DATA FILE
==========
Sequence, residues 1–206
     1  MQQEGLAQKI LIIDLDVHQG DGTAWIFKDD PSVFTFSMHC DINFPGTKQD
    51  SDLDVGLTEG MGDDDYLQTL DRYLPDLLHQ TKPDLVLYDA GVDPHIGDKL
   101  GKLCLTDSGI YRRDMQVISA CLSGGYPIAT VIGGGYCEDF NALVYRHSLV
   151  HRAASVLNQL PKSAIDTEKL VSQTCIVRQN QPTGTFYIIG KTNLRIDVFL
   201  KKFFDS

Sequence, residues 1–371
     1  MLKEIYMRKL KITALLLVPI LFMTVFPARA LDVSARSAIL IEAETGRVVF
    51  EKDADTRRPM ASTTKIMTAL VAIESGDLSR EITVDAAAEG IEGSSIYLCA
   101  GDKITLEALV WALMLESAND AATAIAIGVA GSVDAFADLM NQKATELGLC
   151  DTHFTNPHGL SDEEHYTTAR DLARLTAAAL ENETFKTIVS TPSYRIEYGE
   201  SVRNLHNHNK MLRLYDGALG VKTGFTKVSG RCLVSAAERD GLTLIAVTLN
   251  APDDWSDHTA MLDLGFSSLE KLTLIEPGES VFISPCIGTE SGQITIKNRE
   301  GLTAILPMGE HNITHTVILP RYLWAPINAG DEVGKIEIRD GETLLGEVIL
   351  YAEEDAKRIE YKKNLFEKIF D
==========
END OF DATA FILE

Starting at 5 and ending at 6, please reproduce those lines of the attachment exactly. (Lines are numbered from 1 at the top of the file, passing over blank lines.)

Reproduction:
   151  HRAASVLNQL PKSAIDTEKL VSQTCIVRQN QPTGTFYIIG KTNLRIDVFL
   201  KKFFDS